JFK Assassination Records

Report of the Select Committee on Assassinations of the U.S. House of Representatives

References: III. Recommendations of the Committee
  1. "Assassination and Political Violence," a report to the National Commission on the Causes and Prevention of Violence (Washington, D.C.: U.S. Government Printing Office, 1969), vol. 8, p. 45 (hereinafter Assassination Report).
  2. Id. at 124.
  3. "To Establish Justice, To Insure Domestic Tranquillity," final report of the National Commission on the Causes and Prevention of Violence (Washington, D.C.; U.S. Government Printing Office, 1969), p. xxiii (hereinafter Violence Commission Report).
  4. Assassination Report, p. 10.
  5. Id. at 1.
  6. Id.at 2-5.
  7. Violence commission Report, p. 125.
  8. Assassination report, p. 11.
  9. See generally Charles H. Whittier, Congressional Research Service, Library of Congress, "Assassination in Theory and practice: A Historical Survey of the Religious and Philosophical Background of the Doctrine of Tyrannicide," Apr. 12, 1978 (JFK Document 007559).
  10. Violence Commission Report, pp. 2-16.
  11. Id. at 127-28.
  12. See generally R. Rothman, Congressional Research Service, Library of Congress, The Social and Political Implications of the Assassinations of John F. Kennedy and Martin Luther King, Jr." (MLK Document 260029).
  13. Violence Commission Report, p. xix.
  14. See testimony of Richard M. Helms, Sept. 22, 1978, hearings before the Select Committee on Assassinations, U.S. House of Representatives, 95th Congress, 2d session (Washington, D.C.: U.S. Government Printing Office, 1979), vol. IV, pp. 118-161 (hereinafter Helms testimony, --HSCA-JFK hearings,--); testimony of Santos Trafficante, Jr., Sept. 27, 1978, V HSCA-JFK hearings, 357-364.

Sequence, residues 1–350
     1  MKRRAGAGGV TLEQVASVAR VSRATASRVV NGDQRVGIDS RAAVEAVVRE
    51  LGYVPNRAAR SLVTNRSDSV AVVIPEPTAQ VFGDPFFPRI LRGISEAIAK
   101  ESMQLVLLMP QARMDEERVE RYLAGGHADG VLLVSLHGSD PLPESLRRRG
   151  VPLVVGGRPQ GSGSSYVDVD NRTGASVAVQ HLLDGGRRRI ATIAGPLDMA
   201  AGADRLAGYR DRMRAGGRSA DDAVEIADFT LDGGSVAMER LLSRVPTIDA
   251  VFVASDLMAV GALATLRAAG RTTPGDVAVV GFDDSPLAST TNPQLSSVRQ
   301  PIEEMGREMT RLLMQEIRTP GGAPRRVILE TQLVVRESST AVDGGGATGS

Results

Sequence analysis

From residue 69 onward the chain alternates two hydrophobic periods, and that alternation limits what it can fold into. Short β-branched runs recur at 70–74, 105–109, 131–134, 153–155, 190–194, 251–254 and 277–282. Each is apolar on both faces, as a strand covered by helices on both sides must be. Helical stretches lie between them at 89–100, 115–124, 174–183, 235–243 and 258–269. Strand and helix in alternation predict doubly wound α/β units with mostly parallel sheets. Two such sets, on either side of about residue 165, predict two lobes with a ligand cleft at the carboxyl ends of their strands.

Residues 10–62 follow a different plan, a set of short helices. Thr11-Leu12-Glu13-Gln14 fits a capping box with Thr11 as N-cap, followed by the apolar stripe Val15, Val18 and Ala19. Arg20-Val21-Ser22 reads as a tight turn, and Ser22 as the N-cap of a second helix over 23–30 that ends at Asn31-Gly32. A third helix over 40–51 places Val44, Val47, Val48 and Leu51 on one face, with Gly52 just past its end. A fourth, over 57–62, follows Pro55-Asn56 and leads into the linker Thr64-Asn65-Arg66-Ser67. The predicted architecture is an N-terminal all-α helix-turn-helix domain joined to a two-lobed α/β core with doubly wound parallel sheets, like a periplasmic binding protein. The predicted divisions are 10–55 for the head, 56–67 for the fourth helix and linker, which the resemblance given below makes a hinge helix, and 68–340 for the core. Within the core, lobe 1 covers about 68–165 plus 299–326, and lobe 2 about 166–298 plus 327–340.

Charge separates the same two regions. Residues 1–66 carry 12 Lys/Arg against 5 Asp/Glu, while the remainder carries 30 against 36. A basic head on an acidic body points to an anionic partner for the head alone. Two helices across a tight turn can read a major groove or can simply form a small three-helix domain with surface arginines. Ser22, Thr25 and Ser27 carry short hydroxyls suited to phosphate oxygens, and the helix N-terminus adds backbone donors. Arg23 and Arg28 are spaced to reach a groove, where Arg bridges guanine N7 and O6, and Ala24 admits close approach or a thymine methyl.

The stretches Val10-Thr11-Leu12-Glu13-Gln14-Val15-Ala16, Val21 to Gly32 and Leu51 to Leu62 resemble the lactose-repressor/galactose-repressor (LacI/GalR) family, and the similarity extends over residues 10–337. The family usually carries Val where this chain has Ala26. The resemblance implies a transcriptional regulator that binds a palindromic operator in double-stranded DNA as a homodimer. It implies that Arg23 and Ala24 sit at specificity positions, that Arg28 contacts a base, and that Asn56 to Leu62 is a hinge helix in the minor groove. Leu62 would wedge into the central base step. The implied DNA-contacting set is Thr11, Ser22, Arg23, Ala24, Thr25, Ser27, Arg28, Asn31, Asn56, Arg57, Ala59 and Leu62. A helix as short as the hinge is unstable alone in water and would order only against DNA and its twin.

15. Id., Helms testimony at 180-81.
  16. Executive Order 12036, sec. 2.305 (Jan. 24, 1978).
  17. As enacted by Public Law 92-539 in 1972, 18 U.S.C. 1116 extended the protection of Federal law to foreign official or guests in the United States. Public Law 94-467, enacted in 1976, broadens that protection to include an "internationally protected person," defined to include a Chief of State whenever he was "in a country other than his own." Even though the offender might be subject to Federal criminal jurisdiction, if the assassination occurred in the Chief of State's own country, it would not fall within the scope of the statute.
  18. S. 1437, 15th Congress, 1st session 1202 (1977).
  19. Testimony of Benjamin R. Civiletti, "Legislative and Administrative Reform," hearings before the Select Committee on Assassinations, U.S. House of Representatives, 95th Congress, 2d session (Washington, D.C.: U.S. Government Printing Office, 1979), vol. I, pp. 112-136 (hereinafter Reform).